’21 Salutatorian Found “A True Intellectual Community”

Sofia Montrone
Sofia Montrone ’21 is her class’s salutatorian. A creative writing major from Los Angeles, Montrone’s fiction explores the intersections between gender, art and domestic spaces. Her short story “Tributaries” was selected by author Jeff VanderMeer for Quarto’s Spring 2020 Prose Prize. From 2018 to 2020 she served as editor-in-chief of The Columbia Review, the nation’s oldest college literary magazine. Outside of her involvement with the literary community, Montrone was also a member of the Undergraduate Recruitment Committee and a John Jay Scholar. She will continue her Columbia education by pursuing an M.F.A. at the School of the Arts, where she is a member of the incoming fiction cohort.

What were you like when you arrived at Columbia?

Very different, I think. My natural inclination was to be shy, but I felt a real sense of urgency to put myself out there in those early weeks — as if I had one shot to get the “college experience” that I had always hoped for, and I didn’t want to let it pass me by. (This is obviously not a reflection of reality, but I was 18 and neurotic and everything felt very all-or-nothing those days). I drank an obscene amount of coffee and Diet Coke, and I seldom slept.

Fortunately, I was quick to find community in my residence hall and on the board of The Columbia Review. It was all surreal at the time — the way things fell into place — and still feels that way to me now.

What do you remember about your first-year living situation?

I lived on John Jay 7, where I was lucky enough to find a great group of friends. Those are still some of my most vivid memories of the College — hanging out in the floor lounge for hours, arguing about books or education reform or the inevitable rise of AI-produced music, then returning, exhausted, to my single at 2:00 a.m. It was such a thrill to form those relationships early on, to feel so embraced and at home in my first weeks on campus.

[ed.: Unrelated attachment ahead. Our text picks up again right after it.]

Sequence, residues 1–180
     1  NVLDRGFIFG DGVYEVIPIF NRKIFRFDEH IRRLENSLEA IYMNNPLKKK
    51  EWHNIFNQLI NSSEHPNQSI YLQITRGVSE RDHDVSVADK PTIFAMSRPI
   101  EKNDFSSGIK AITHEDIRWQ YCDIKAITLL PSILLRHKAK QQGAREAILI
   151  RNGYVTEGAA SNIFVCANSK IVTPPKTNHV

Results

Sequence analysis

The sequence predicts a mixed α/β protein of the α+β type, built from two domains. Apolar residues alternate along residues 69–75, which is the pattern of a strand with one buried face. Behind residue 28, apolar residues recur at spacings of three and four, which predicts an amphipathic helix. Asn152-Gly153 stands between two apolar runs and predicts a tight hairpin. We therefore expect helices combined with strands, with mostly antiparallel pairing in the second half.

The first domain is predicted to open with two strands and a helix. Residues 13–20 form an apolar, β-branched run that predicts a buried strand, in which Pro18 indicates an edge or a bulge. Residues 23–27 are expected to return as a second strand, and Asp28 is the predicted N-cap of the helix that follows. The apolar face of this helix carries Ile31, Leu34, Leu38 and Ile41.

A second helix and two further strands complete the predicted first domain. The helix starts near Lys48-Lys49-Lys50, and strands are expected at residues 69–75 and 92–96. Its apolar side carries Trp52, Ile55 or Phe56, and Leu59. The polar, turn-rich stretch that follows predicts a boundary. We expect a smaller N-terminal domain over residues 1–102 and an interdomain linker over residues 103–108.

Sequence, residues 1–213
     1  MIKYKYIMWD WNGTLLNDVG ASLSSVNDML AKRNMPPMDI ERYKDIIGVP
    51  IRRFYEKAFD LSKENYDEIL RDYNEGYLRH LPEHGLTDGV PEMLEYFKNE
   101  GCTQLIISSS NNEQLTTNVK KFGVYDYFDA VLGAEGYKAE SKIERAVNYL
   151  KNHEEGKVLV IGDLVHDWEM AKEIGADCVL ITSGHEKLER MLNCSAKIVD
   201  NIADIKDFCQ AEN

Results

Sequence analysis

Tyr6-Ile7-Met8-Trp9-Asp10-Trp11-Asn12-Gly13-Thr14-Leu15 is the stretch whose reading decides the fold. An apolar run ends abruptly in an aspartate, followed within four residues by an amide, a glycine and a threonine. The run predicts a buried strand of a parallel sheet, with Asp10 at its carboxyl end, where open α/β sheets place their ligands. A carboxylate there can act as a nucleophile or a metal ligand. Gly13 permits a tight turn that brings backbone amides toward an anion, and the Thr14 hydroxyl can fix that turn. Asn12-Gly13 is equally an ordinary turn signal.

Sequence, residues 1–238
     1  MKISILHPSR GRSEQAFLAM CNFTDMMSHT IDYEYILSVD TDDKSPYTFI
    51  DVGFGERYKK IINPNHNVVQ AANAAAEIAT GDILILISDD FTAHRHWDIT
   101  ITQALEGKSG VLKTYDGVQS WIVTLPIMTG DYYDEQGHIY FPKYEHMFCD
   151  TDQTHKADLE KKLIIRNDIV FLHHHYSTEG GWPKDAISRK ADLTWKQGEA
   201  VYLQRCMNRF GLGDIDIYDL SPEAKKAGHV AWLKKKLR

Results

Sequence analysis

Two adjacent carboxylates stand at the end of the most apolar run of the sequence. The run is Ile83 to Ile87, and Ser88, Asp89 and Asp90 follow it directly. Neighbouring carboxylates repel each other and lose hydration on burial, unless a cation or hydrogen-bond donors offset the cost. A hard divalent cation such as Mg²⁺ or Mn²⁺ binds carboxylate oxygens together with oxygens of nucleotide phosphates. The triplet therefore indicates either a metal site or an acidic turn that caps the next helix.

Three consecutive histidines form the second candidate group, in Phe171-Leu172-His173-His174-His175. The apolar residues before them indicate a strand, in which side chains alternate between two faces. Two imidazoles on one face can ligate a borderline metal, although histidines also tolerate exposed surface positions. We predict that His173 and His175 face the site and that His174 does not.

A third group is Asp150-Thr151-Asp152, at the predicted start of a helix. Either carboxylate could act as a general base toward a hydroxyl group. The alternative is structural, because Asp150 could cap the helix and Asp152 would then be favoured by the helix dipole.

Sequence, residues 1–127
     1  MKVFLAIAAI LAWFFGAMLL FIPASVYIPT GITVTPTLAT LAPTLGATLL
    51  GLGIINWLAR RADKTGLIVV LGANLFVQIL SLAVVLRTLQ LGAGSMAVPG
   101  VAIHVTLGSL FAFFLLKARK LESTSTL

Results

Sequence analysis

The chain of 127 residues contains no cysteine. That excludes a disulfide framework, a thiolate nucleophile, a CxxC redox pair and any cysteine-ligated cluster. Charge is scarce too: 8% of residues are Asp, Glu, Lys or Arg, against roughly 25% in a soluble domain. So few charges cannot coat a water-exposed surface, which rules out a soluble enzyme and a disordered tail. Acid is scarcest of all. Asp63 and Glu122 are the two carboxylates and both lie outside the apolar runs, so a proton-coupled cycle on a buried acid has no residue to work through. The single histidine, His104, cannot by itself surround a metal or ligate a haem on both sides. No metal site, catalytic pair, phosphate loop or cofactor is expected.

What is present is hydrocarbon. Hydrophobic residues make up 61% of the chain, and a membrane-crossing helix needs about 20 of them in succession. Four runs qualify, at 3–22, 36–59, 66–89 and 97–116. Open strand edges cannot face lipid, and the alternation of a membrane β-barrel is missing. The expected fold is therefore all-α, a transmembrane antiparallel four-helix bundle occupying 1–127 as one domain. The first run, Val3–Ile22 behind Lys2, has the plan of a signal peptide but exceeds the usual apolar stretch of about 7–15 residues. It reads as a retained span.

What Core class or experience do you most remember, and why?

My most quintessential Core experience actually happened outside of the classroom, on my first-year floor. A few of us had gotten into a heated discussion about the Iliad — or, more specifically, whether or not Achilles was being “petty” in refusing to fight — and as the argument continued, we managed to ensnare nearly everyone on the floor. Picture it: Forty first-years yelling about Homer on a Wednesday night. Although I was alone in thinking that Achilles was a great existential hero, everyone defended their position with vigor — as if this was the first and last time this subject would ever be discussed, and that the outcome would uncover some important truth about the universe. You know, typical college stuff. I’ve told this story more times than I can count because it really is the apotheosis of what Columbia promises: a true intellectual community.

Did you have a favorite spot on campus, and what did you like about it?

I have always loved the trees in front of John Jay in the fall, and the saucer magnolias that bloom in the spring. Vladimir Nabokov said that one should not be a writer if they do not know the names of trees, so I try my best. Mostly, I find them entrancing — the way the light moves through their leaves. Watching the trees change with the seasons never fails to make me feel renewed.

Off campus, I frequently haunt The Hungarian Pastry Shop. They make my favorite cup of coffee, and a divine lemon cake. Philip and the rest of the Hungarian team are so kind, as well. My affection for the shop was the first thing that made me truly feel like a local, and I look forward to hustling for a table there again soon.

What, if anything, about your College experience would you do over?

In preparing these answers, I glanced at a few of the other profiles and noted that many people seem to share my desire to have had more time — more time in which to take more classes, befriend more people, attend more concerts and Broadway shows. I think that losing three semesters to the pandemic exacerbated this feeling in some ways. On the very morning that the College suspended its international programs, [Professor] Colm Tóibín agreed to supervise an independent research project I was planning to undertake in Barcelona. At the time, losing that trip was a massive disappointment for me. On the other hand, the pandemic allowed me to spend more time with my family, time that I have come to cherish (even though I wish, more than anything, it had been for different reasons). Even under normal conditions, there is never enough time to do all that we hope to do, but for every opportunity that I could have pursued, there is an experience that I am grateful to have had.